Any sense of whether that trend changes in 2018? My own bias is that it seems likely to be stable if not maybe modestly more robust if anything because of tax policy changes and repatriation of cash, but it’s hard to call, obviously.
It’s hard to call, and we’re going to have elections, but the tax reform will be a positive to tech investing. Going back to those macro trends, the positive ones in technology are robust. There’s so much secular growth in some of the big things that are happening out there – cloud computing, AI, robotics – and they continue to provide incredible opportunities. It doesn’t mean that we’re not cautious. We are incredibly selective about the companies we invest in, but at this point, we are cautiously optimistic about 2018.
Do you have any thoughts about capital markets and their receptivity to technology companies, now and in the near future?
There’s always the underlying market, then the first and second derivative. The equity markets and asset prices have been robust. That is usually highly correlated with strong M&A markets, which has generally been the case, and tax reform, as we said, is another catalyst in the right direction. There’s a positive element in this trend because we are often on the other side of the M&A technology buyers who would look to buy companies after we’ve helped them grow. What we need to look out for is the overall markets, both equity and debt. They are essentially the leading indicator on that front. They will not and don’t need to go up forever; they just need to be relatively stable and predictable.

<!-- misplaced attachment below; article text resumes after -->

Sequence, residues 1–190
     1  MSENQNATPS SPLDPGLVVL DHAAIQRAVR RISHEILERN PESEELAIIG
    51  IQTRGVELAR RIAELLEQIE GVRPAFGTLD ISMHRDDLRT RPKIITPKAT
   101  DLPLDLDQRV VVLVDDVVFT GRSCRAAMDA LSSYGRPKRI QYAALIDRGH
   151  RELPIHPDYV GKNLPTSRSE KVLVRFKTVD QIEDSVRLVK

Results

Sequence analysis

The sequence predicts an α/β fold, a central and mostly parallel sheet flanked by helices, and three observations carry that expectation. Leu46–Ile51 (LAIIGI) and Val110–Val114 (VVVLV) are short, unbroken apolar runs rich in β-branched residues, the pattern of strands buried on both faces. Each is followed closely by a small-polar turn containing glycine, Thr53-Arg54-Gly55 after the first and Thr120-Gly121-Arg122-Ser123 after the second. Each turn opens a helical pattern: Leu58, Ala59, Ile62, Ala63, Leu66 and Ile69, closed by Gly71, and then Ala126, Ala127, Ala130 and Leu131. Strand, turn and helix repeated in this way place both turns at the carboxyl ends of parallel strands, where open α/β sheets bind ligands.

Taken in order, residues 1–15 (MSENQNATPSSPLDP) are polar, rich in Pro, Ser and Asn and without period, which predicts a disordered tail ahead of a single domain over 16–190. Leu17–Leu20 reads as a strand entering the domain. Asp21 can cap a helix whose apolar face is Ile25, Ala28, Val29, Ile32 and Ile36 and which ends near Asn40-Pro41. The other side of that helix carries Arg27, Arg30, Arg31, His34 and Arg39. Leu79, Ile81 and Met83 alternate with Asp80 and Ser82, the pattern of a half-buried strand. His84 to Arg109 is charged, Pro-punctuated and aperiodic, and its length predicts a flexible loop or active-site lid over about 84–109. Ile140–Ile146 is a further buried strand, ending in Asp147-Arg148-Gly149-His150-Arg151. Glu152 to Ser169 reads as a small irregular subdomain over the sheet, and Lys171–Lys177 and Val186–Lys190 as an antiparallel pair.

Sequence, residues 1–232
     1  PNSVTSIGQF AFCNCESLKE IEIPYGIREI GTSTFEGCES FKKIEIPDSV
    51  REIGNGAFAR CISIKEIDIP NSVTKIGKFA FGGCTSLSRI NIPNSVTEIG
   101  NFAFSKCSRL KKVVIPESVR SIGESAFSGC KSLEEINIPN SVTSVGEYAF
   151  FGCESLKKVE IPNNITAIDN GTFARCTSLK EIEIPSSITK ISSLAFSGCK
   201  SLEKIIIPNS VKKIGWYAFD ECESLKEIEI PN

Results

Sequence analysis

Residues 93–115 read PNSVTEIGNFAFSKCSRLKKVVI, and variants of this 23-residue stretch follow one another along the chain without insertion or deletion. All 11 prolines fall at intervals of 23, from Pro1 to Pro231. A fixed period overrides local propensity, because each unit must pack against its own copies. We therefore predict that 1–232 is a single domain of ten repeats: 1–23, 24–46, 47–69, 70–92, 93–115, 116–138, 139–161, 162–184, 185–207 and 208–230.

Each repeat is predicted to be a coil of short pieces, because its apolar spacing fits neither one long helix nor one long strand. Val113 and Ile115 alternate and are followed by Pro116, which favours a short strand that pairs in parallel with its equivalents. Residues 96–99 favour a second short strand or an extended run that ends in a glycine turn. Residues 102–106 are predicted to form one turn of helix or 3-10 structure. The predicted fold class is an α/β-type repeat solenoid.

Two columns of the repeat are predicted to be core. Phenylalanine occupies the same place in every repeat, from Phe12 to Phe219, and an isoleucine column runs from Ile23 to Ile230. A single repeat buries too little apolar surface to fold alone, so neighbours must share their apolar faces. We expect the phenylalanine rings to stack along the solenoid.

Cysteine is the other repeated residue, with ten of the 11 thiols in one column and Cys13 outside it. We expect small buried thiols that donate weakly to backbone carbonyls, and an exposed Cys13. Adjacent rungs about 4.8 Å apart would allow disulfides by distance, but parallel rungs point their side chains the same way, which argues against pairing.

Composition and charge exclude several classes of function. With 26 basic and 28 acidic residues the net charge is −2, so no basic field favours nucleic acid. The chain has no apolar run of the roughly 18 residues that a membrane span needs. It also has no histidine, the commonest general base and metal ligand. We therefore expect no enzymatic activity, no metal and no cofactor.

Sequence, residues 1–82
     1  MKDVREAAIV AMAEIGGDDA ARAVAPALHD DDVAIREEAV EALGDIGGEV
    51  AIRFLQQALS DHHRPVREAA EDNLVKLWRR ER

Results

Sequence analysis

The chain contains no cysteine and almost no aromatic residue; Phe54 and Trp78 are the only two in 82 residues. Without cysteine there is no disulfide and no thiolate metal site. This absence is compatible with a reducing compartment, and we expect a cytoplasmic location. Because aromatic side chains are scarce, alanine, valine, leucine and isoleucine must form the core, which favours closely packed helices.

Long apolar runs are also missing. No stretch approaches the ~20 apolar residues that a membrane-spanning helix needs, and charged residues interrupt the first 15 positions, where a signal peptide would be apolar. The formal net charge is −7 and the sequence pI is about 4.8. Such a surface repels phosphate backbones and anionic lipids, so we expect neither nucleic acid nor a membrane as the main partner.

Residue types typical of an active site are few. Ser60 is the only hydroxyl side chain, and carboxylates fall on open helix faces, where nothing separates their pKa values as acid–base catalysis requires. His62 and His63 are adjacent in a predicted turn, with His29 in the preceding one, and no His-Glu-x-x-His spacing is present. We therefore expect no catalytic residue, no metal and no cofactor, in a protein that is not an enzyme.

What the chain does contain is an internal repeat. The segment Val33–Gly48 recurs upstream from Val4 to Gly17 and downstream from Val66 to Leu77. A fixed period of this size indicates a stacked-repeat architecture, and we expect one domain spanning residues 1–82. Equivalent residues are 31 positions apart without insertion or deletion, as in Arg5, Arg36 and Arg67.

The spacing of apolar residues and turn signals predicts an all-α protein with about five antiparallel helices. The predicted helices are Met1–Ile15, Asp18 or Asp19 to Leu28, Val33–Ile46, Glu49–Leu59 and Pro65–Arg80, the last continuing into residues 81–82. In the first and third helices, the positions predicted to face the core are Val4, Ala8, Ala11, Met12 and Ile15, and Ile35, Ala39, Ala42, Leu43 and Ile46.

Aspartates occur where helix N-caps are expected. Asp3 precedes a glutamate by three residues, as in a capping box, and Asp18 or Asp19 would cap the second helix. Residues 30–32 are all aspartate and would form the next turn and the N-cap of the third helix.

About Michael Ronen
Michael Ronen is a managing partner of SoftBank Investment Advisers (SBIA). Prior to joining SBIA, Michael spent nearly two decades at Goldman Sachs, most recently as a managing director and co-COO of the bank’s global TMT group.
About SoftBank Investment Advisers
SoftBank Investment Advisers is a global advisory group that manages and advises on technology sector investments on behalf of the SoftBank Vision Fund. The group focuses on growing businesses run by disruptive innovators that are seeking to be the foundational platforms of the information revolution. The SoftBank Vision Fund was launched to help accelerate these efforts, enabling long-term, large-scale investments to fund growth in the technology sector, investing up to $100 billion over the next five years. The team is comprised of passionate strategists, tech experts and portfolio specialists. The SoftBank Vision Fund is operated with the speed and agility of a startup, but with the thoughtfulness and patience of a long-term partner.